by Bill O’Grady, Thomas Wash, and Patrick Fearon-Hernandez, CFA
[Posted: 9:30 AM EDT] | PDF
It’s a pretty quiet news day today, which is probably fitting for the dog days of summer. Unfortunately, the lack of news also means there’s still no discernible progress on the next coronavirus relief bill in Congress. Another negative is that Hurricane Laura is bearing down on the Gulf Coast. We are also getting reminders that the U.S.-China relationship remains tense enough to be a potential threat to the markets. We outline all the key news below.
United States-China: According to new reporting by the Wall Street Journal, the July demand by the U.S. that China close its consulate in Houston also included a demand that China remove all of its active-duty military officers conducting research in the U.S. under academic guise. The administration has become increasingly concerned that those military members, with the help of diplomats in China’s consulates, are a key method by which the People’s Liberation Army is trying to soak up sensitive U.S. technologies. Separately, a prominent Chinese economist and government advisor said China should refuse to export medicines and drug precursors to the U.S. in retaliation for U.S. restrictions on semiconductor sales to Chinese companies. Finally, the American Chamber of Commerce in Shanghai warned of significant harm to U.S. firms operating in China if President Trump’s recent executive order on WeChat is applied too broadly. According to a survey of its members, the Chamber said that a broad ban on U.S. citizens and companies transacting with the Chinese chat messaging and commercial platform would mean that almost 90% of U.S. firms in China would find it harder to communicate with staff and local authorities.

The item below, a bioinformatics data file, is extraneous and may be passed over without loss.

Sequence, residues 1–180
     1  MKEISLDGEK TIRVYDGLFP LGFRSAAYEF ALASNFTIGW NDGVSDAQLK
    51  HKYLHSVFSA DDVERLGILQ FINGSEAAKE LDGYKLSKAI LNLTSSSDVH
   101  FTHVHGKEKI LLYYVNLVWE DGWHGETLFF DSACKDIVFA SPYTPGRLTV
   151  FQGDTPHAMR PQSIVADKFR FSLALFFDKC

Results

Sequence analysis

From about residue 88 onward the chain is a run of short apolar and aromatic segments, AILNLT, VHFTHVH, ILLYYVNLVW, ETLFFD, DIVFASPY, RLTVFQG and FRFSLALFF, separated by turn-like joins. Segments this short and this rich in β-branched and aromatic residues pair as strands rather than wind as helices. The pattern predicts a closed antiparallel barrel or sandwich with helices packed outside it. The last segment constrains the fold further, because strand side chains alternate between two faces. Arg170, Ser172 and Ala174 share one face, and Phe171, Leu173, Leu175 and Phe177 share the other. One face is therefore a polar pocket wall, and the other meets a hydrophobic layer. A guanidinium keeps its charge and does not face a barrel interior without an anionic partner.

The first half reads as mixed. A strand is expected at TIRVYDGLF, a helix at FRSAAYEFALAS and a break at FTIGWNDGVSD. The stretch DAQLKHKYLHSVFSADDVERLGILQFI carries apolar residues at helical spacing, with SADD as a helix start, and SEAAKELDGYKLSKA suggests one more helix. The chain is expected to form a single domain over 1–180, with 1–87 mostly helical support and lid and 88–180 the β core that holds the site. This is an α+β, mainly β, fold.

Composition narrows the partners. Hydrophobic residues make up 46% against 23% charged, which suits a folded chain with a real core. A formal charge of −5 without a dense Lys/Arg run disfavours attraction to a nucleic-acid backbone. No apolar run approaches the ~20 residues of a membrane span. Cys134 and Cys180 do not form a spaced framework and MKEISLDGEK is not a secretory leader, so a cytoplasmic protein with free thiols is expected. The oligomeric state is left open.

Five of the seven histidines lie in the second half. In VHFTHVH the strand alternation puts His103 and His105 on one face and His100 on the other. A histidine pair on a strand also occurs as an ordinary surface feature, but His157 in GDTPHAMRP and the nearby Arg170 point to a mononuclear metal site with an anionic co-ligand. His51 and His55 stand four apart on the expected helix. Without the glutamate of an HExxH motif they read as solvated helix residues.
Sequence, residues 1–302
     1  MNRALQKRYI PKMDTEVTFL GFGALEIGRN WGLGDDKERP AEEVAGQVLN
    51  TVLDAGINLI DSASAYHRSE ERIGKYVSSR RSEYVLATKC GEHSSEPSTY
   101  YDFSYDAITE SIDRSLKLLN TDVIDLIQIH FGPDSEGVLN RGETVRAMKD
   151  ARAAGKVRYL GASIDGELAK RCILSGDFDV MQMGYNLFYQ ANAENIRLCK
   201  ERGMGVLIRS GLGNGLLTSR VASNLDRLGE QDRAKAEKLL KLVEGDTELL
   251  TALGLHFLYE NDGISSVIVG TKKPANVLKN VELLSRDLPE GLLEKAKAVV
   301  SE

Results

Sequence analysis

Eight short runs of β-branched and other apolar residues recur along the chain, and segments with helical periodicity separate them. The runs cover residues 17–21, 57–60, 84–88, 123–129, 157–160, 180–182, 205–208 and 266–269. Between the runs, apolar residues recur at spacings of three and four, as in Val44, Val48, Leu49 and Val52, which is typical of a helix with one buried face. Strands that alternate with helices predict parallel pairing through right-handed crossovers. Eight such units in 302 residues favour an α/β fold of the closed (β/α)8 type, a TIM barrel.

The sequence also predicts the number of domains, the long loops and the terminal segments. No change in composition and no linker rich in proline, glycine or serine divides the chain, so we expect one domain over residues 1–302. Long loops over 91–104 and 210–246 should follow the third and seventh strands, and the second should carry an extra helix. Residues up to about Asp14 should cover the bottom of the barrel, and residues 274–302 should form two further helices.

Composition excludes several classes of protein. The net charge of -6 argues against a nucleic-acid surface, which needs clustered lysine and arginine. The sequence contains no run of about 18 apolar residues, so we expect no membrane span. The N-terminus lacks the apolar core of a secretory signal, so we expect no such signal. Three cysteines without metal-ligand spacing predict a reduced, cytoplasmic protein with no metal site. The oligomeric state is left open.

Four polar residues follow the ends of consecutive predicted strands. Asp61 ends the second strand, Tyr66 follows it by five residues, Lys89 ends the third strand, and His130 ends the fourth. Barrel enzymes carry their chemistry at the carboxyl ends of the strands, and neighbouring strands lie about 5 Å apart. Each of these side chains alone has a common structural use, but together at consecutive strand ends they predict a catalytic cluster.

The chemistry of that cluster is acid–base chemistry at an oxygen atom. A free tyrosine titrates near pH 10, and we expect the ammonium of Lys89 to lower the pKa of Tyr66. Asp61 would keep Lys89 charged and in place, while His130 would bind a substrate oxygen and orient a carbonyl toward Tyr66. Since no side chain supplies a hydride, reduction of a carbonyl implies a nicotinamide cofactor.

China: Experts are warning that President Xi’s latest “anti-corruption” purge may be intended to help Xi be named Communist Party Chairman—a title that hasn’t been used in decades. Taking on the same title held by Chairman Mao would in turn help Xi hold on to power beyond his second term.
Hong Kong: As the government continues to crack down on political protests following the introduction of Hong Kong’s new security law in June, two pro-democracy lawmakers have been arrested for allegedly participating in anti-China demonstrations last year. The two legislators, Ted Hui and Lam Cheuk-ting of the opposition Democratic Party, were detained early today.
Sweden: Alarmed by Russia’s aggressive territorial moves and military exercises, the Swedish government has adopted a heightened state of military readiness and is beefing up its defenses. The country’s military readiness is now reportedly at its highest since the early 1990s.
India: Reserve Bank of India Governor Shaktikanta Das has warned that India’s state-dominated banking system will need to push ahead with an infusion of funds to withstand the country’s deepening coronavirus crisis.
Lebanon: Saad Hariri, a three-time former prime minister, made clear on Tuesday that he is not interested in taking the job again and forming a new government amidst the political turmoil touched off by the country’s recent port explosion disaster and economic crisis. “Certain political forces are still in a state of severe denial of the reality of Lebanon,” he said in a statement, a nod both to his lack of support and the political establishment’s resistance to meaningful reform.